My friend Jamie Vicary has been developing some of this software, and he demonstrated it at the Simons Institute workshop on compositionality. You can watch his demonstration here:

But since *Globular* runs on a web browser, you can also try it out yourself here:

• *Globular*.

You can see his talk slides:

• Jamie Vicary, Data structures for quasistrict higher categories. (Talk slides here.)

]]>• Brendan Fong, *The Algebra of Open and Interconnected Systems*. (Blog article here.)

But he went further: to understand the *externally observable behavior* of an open system we often want to simplify a decorated cospan and get another sort of structure, which he calls a ‘decorated corelation’. His talk here explains decorated corelations and what they’re good for:

https://www.youtube.com/channel/UCW1C2xOfXsIzPgjXyuhkw9g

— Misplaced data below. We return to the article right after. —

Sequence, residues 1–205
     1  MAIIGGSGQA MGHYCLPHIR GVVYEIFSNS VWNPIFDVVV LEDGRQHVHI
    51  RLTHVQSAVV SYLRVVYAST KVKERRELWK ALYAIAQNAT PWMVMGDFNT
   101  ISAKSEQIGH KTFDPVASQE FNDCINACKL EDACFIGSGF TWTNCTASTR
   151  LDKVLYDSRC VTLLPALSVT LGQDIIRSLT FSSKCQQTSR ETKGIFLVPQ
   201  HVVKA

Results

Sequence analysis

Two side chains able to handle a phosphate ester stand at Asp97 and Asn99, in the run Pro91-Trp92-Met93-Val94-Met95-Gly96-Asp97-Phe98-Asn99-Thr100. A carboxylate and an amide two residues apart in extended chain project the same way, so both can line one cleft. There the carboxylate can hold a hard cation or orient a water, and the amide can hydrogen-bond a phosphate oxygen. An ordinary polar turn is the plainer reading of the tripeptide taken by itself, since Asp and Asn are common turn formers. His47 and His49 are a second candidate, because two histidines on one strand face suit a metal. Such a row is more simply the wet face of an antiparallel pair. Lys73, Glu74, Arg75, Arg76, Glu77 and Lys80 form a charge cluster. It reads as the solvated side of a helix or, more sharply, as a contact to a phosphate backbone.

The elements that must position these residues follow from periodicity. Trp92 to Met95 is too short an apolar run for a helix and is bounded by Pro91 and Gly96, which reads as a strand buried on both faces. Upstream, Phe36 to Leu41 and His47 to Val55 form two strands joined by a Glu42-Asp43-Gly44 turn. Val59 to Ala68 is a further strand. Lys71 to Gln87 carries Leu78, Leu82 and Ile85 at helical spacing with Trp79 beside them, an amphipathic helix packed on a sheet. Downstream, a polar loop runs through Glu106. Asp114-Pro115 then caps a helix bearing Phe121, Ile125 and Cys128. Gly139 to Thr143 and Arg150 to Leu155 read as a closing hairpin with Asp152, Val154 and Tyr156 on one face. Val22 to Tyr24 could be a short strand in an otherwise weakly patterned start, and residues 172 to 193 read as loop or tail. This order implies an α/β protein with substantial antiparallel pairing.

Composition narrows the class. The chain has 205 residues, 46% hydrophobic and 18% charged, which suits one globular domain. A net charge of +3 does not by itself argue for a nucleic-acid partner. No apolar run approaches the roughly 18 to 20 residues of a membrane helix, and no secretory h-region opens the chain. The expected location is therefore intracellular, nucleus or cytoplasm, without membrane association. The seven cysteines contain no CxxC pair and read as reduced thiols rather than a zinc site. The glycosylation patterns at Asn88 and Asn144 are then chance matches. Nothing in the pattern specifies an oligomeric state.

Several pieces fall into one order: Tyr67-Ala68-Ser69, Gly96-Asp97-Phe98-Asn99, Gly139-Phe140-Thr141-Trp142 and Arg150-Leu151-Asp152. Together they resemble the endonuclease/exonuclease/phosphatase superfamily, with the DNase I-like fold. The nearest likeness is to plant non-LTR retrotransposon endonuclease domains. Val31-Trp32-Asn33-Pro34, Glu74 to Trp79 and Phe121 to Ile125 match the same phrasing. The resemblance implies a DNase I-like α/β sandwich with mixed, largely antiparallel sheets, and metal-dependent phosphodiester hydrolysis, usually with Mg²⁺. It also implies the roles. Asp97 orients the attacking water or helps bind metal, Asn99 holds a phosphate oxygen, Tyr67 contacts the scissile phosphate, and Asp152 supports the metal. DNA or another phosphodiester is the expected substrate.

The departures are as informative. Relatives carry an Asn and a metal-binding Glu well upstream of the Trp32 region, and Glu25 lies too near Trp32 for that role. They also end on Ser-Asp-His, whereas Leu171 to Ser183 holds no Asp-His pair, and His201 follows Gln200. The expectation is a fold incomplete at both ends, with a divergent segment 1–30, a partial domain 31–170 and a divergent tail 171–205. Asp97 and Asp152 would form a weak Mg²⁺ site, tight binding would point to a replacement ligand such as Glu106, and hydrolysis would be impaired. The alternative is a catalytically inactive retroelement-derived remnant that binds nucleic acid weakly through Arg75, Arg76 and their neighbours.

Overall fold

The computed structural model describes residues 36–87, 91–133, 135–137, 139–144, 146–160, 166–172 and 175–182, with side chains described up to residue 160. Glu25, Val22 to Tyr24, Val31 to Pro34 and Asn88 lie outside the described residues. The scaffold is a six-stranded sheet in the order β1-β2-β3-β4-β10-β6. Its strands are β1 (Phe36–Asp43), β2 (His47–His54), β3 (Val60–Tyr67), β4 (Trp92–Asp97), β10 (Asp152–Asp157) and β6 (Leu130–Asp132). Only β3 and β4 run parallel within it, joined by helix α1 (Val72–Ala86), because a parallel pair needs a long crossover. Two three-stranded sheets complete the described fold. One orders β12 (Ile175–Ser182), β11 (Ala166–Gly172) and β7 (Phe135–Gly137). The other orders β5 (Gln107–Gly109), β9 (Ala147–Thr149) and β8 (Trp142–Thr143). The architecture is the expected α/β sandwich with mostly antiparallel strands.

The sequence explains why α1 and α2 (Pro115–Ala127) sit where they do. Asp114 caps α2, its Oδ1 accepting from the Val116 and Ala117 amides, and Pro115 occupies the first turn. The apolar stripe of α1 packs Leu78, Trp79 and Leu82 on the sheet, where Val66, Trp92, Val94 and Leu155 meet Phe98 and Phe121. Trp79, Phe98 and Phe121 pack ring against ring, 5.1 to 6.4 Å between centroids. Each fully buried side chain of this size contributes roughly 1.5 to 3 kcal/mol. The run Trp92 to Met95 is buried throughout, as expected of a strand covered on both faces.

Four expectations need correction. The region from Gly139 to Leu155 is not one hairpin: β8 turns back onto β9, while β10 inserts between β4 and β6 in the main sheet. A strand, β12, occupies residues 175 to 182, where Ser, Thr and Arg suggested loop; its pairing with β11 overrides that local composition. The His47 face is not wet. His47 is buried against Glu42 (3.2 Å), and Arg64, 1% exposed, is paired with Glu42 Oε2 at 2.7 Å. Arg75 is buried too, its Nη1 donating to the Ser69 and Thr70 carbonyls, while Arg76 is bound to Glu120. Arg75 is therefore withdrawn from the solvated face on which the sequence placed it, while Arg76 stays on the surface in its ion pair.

and you can also see recorded talks.

The conference schedule has changed a bit from that shown on my blog article; the revised version is here.

]]>• John Baez, Compositionality in network theory, 6 December 2016.

and a video here:

Abstract.To describe systems composed of interacting parts, scientists and engineers draw diagrams of networks: flow charts, Petri nets, electrical circuit diagrams, signal-flow graphs, chemical reaction networks, Feynman diagrams and the like. In principle all these different diagrams fit into a common framework: the mathematics of symmetric monoidal categories. This has been known for some time. However, the details are more challenging, and ultimately more rewarding, than this basic insight. Two complementary approaches are presentations of symmetric monoidal categories using generators and relations (which are more algebraic in flavor) and decorated cospan categories (which are more geometrical). In this talk we focus on the latter.

This talk assumes considerable familiarity with category theory. For a much gentler talk on the same theme, see:

]]>With luck some of the lectures will be recorded, or at least slides will be available. I’m sorry you’re not active in this scene, as I’m trying to get up to speed on a lot of the computer science aspects. But you can at least listen in and say something now and then.

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